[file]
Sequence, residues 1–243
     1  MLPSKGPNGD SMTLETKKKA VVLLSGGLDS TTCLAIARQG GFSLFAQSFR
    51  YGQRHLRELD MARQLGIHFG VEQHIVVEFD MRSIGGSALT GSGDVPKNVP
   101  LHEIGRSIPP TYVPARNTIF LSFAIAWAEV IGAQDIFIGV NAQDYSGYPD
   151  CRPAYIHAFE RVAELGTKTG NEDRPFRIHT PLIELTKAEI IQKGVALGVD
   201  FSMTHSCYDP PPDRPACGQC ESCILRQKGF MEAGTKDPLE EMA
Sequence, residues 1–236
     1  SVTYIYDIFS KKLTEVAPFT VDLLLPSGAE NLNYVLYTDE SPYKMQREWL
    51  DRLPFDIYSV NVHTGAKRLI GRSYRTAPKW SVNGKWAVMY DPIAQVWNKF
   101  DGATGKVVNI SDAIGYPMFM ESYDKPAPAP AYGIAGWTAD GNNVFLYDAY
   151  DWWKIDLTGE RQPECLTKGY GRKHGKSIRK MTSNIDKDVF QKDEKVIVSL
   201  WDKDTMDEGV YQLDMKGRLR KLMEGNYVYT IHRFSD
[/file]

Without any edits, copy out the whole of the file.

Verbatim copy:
Sequence, residues 1–243
     1  MLPSKGPNGD SMTLETKKKA VVLLSGGLDS TTCLAIARQG GFSLFAQSFR
    51  YGQRHLRELD MARQLGIHFG VEQHIVVEFD MRSIGGSALT GSGDVPKNVP
   101  LHEIGRSIPP TYVPARNTIF LSFAIAWAEV IGAQDIFIGV NAQDYSGYPD
   151  CRPAYIHAFE RVAELGTKTG NEDRPFRIHT PLIELTKAEI IQKGVALGVD
   201  FSMTHSCYDP PPDRPACGQC ESCILRQKGF MEAGTKDPLE EMA
Sequence, residues 1–236
     1  SVTYIYDIFS KKLTEVAPFT VDLLLPSGAE NLNYVLYTDE SPYKMQREWL
    51  DRLPFDIYSV NVHTGAKRLI GRSYRTAPKW SVNGKWAVMY DPIAQVWNKF
   101  DGATGKVVNI SDAIGYPMFM ESYDKPAPAP AYGIAGWTAD GNNVFLYDAY
   151  DWWKIDLTGE RQPECLTKGY GRKHGKSIRK MTSNIDKDVF QKDEKVIVSL
   201  WDKDTMDEGV YQLDMKGRLR KLMEGNYVYT IHRFSD